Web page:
Barry Roth: Northampton’s charter change flawed
NORTHAMPTON — The proposed new Northampton city charter contains changes designed to simplify and make it more understandable. It succeeds at that. But there are three compelling reasons for voting against it.
The committee members who drafted it were appointed by political leaders and their recommendations often reflect their sponsor’s desire. Some of them want more power because they believe the average voter does not have the knowledge and foresight to vote wisely.
Accordingly, the proposed charter seeks to extend the mayor’s term from two years to four. At the same time, key committee members argued effectively against an attempt to allow for a recall provision.
The new charter continues to allow the Department of Public Works to raise fees and taxes on sewer and water services without citizens’ consent.
Finally, it blocks a motion I introduced which would have assured that citizen input would be made a part of the record in a meaningful way.
In calling for a four-year term, the argument was made that it was needed to get qualified people to run for mayor. A two-year term, they said, would not be of sufficient length for professionals to put their careers on hold. Yet people take jobs in the private sector all the time without any assurance that they will be there in six months, that alone four years.
They also argued that it would allow the mayor to act without undo political pressure. But put another way, they want it to thwart the will of the people. If you were for keeping the landfill in Florence, for the high-rise hotel in downtown and for demolition of Green Street for Smith College’s engineering building, this is your charter.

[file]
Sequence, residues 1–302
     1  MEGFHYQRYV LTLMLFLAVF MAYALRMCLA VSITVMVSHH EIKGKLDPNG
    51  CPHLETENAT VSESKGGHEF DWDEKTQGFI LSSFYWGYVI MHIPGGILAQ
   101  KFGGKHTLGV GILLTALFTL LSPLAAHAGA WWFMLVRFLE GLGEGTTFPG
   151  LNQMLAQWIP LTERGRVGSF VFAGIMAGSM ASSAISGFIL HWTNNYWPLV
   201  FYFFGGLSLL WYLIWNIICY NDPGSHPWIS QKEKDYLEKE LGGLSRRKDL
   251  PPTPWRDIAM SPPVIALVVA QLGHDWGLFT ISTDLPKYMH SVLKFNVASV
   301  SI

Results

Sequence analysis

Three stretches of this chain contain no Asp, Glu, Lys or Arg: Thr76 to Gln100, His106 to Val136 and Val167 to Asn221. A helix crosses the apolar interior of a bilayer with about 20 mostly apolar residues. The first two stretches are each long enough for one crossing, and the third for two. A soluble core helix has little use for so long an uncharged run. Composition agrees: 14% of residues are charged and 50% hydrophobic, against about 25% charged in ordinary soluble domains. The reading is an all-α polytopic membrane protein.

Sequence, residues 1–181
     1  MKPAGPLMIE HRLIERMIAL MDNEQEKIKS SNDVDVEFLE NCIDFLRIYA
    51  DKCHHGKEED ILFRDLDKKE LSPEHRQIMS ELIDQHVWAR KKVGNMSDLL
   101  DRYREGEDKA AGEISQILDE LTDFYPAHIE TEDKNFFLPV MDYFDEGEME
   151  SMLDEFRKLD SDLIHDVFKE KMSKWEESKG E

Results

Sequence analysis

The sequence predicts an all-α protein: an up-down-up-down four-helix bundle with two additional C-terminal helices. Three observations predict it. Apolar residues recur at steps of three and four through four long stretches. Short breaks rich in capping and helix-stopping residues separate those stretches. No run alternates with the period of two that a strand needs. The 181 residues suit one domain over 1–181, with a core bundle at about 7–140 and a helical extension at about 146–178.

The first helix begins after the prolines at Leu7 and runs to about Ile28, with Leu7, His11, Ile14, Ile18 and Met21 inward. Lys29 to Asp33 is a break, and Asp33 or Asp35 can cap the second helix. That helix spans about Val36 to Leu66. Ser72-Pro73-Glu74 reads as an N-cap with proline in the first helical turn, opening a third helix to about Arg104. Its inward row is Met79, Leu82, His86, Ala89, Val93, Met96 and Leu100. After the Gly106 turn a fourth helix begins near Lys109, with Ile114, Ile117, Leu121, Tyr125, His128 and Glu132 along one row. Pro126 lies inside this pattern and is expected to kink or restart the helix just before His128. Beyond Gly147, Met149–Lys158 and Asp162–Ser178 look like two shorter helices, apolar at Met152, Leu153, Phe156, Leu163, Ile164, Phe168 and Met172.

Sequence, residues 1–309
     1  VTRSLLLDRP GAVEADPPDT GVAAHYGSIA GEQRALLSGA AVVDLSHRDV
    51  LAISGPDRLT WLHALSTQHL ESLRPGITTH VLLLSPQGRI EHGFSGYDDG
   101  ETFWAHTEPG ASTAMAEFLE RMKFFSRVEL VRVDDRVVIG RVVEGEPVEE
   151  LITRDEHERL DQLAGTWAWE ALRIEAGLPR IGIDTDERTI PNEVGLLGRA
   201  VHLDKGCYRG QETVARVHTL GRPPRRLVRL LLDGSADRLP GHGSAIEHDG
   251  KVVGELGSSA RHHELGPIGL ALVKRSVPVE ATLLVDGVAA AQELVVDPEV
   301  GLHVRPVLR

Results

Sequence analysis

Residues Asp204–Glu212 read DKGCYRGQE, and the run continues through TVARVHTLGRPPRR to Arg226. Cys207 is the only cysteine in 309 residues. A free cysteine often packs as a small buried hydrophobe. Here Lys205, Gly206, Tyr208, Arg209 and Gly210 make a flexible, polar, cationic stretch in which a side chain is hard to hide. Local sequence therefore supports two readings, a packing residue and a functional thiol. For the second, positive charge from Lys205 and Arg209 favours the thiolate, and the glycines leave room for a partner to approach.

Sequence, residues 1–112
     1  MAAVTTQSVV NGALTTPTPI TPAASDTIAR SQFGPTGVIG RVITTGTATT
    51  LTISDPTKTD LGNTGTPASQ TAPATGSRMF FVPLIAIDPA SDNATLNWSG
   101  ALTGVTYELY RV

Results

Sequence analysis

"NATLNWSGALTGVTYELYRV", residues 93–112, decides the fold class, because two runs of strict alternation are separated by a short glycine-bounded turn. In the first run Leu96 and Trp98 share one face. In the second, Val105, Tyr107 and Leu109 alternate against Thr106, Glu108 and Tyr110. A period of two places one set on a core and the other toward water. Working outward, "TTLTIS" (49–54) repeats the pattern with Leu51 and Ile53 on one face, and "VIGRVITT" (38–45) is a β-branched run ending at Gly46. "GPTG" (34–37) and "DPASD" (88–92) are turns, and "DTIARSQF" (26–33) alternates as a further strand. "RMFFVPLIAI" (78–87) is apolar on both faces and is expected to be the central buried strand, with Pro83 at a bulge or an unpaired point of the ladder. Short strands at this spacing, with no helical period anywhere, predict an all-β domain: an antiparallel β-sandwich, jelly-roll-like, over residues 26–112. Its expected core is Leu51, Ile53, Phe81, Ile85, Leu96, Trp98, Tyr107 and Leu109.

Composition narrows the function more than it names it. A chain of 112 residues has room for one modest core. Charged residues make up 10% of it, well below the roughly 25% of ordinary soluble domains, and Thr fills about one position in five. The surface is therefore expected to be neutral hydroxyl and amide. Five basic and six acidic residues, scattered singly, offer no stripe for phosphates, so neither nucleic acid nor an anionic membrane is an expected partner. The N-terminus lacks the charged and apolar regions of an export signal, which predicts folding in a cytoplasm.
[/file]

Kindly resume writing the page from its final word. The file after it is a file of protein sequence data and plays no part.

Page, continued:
Also, omitted from the charter was a provision that would allow the City Council to vote to approve rate hikes set by the DPW. Recently, the DPW set a 9 percent increase in the already extremely high water and sewer rates. The increases may be ongoing and continue for decades more because of $100 million in needed infrastructure repairs.
The belief is that the citizens would not have the good sense to address infrastructure needs and City Council members would be too intimidated to vote for an increase.
But alternatives are available. For example, the city could require a two-thirds council vote to overturn a DPW rate increase to provide a genuine check and balance.
Finally, our government works by percolating legislation up from committees to the City Council. However, very often those in the committee have a vested interest in a particular viewpoint. So when legislation approaches the City Council for a vote, the choices presented are limited.
That’s what happened with the proposed charter. Alternative viewpoints were stifled.
The proposal I put forth would simply have allowed a citizen to address specific factual matters in writing and have that material included in the packages brought to City Council for a vote. When it came to final deliberations on this amendment, in a crass display of the very need for this amendment, a distorted rendition was presented. I was not permitted to clarify.
Power and wealth tend to accrue. A new charter should seek to lessen that tendency, not exacerbate it.
The proponents believe that because of the work and the good things in this charter, voters will have no choice but to acquiesce.
But voters should realize that they can endorse this charter in five years without these flaws. Should it pass now, the ordinary citizen’s voice will be further diminished and what could have been a real benefit will become an instrument for greater unfairness in government.
Barry Roth lives in Northampton.